BrainWorks: Exploring the Brain-Computer Interface

At the end of the day, computers and brains share at least one trait. On a very basic level, both use electrical currents to send messages and commands to accomplish certain tasks. Understanding exactly how that process works within our brain and how it relates to computers may be key for researchers and doctors when it comes to helping various types of patients.

Eric H. Chudler, Ph.D., is back with another BrainWorks video to help educate children on how our brains and computers can talk to each other and why this is an important area of research. Chudler, the executive director for the Center for Neurotechnology at the University of Washington, won a Northwest Emmy Award last year for his BrainWorks video “Exercise and the Brain,” and this new video in the series, “Brain-Computer Interface,” is just as informative and entertaining.

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Brainworks Video Nominated for 2017 Emmy Award

Last year, the Dana Foundation partnered with Eric Chudler, Ph.D., from the University of Washington to produce a video to educate kids about the wonders of neuroscience, and just last week, it was nominated for a 2017 Northwest Emmy Award!

Chudler is the executive director of the university’s Center for Sensorimotor Neural Engineering, and as the host and executive producer of “Brainworks: Exercise and the Brain,” he leads students through various experiments and a meeting with molecular biologist John J. Medina, Ph.D., to learn more about the cognitive benefits of exercise. To watch the video in full, see below:

 

 

2017 Design a Brain Experiment Competition

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Students have just over one month to submit their entries to our annual Design a Brain Experiment competition! We’re looking for high school students in the US to take on the challenge of coming up with an original experiment focusing on the human brain. On January 11, 2017, all entries will be collected for review by our team of scientific advisors, led by neuroscientist Eric Chudler, Ph.D.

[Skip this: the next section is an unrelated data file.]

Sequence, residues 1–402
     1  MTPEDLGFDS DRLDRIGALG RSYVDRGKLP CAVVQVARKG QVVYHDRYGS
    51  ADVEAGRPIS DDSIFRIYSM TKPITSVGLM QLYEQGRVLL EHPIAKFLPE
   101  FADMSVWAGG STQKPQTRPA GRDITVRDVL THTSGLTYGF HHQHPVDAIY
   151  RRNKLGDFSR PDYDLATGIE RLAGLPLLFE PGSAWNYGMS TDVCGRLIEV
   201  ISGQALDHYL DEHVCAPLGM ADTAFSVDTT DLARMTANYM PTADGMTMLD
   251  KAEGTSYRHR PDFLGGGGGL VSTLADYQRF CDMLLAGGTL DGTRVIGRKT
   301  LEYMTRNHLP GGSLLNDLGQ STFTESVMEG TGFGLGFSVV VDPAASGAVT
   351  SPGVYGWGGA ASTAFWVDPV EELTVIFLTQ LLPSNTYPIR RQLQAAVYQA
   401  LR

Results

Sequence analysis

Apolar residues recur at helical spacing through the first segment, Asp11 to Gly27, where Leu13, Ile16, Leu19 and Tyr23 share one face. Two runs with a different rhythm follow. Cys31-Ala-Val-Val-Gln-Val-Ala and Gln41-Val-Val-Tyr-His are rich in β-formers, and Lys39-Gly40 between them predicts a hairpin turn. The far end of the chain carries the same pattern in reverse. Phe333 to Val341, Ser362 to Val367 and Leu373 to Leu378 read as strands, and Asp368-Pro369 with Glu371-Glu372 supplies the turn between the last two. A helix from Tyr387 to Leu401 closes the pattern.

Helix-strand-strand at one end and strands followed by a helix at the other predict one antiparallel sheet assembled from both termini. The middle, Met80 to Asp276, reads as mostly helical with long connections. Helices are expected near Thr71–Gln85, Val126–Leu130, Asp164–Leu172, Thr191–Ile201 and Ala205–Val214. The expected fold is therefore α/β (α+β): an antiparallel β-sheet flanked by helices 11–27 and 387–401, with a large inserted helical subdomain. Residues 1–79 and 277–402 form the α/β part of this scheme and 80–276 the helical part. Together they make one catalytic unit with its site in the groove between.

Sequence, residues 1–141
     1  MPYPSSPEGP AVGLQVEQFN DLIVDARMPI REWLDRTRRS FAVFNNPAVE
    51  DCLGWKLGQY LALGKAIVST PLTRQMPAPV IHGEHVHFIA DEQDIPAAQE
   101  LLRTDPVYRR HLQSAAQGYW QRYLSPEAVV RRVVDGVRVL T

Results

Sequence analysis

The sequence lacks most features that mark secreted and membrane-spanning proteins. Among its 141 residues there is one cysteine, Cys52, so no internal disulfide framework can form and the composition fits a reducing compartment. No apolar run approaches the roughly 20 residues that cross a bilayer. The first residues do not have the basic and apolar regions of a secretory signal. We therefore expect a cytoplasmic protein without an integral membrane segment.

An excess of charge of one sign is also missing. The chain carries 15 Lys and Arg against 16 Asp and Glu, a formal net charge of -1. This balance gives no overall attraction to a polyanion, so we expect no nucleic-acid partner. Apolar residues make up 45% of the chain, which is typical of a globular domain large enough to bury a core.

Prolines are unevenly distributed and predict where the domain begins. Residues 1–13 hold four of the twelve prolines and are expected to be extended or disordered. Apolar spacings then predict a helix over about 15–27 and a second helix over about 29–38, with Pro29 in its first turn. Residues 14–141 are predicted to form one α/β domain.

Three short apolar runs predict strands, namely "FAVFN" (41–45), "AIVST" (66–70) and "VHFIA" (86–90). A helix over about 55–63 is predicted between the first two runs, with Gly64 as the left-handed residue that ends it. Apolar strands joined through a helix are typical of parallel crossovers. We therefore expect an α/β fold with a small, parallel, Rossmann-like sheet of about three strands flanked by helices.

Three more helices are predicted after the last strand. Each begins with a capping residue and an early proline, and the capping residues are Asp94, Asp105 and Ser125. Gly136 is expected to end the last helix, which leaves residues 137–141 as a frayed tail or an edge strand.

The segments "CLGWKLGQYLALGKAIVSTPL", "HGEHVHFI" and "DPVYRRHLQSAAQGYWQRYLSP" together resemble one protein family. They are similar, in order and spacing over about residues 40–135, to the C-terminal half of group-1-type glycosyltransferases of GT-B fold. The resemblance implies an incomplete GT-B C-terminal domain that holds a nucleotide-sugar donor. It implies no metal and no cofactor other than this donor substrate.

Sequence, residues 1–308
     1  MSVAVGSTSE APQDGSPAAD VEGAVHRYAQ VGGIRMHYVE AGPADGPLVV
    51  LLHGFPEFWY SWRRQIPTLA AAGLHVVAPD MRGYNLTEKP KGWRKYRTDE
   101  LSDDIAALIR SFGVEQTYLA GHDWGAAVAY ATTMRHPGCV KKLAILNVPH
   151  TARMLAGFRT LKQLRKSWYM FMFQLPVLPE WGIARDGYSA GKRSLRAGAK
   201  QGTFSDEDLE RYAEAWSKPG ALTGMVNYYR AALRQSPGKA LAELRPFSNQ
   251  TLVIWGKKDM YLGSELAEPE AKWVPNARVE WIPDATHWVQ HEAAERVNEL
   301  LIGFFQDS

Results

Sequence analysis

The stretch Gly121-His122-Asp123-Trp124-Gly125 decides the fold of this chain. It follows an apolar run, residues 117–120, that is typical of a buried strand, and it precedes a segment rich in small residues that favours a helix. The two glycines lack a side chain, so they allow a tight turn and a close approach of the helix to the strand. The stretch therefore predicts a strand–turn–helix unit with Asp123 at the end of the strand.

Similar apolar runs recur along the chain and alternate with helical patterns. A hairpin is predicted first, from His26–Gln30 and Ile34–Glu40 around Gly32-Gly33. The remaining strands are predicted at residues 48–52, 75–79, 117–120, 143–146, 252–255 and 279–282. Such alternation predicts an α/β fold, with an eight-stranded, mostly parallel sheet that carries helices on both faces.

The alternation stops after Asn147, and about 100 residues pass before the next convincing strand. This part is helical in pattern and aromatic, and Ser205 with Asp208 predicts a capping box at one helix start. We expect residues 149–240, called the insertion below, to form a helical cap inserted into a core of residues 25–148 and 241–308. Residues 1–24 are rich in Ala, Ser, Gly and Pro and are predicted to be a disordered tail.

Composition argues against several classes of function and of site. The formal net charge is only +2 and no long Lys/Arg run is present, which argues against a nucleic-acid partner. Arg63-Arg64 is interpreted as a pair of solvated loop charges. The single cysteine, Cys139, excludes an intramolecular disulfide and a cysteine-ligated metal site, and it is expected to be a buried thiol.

This is the sixth year the Dana Foundation will be awarding a $500 first place prize and a $250 runner-up prize to the schools or sponsoring nonprofit institutions of the winning students. Research proposals can investigate any part of neuroscience as long as it tests a theory about the brain. Just remember, the experiments are hypothetical, so students don’t need to actually complete them.

Last year’s winning submission was from New York’s Emery Powell, who focused on a potential therapy to slow the progression of Alzheimer’s disease. For more details on how to enter, read through the official competition guidelines. Experiments will be judged on creativity, so we encourage students to think outside the box. The 2017 winners will be announced during Brain Awareness Week (March 13-19). Good luck!

Neuroscience Presented with Creative Flair

Creativity (2).jpgWith Brain Awareness Week just over one week away, there are all kinds of contests taking place to help spread the word about the importance of brain research. Some combine creative flair with neuroscience to produce impressive results!

Last September, we announced the winners of the 2015 Brain Awareness Video Contest, sponsored by the Society for Neuroscience (SfN). The contest asks participants to “explain a neuroscience concept so that a broad audience can understand the wonders of the brain and mind.” Continue reading

Design a Brain Experiment Competition Deadline

The deadline for this year’s “Design a Brain Experiment” competition is exactly one month away! On January 15, all entries will be collected for review by our team of scientific advisors, led by neuroscientist Eric Chudler, Ph.D. The past four years of the competition resulted in impressive submissions from high school students nationwide, and we are eager to see what creative ideas are proposed this year.

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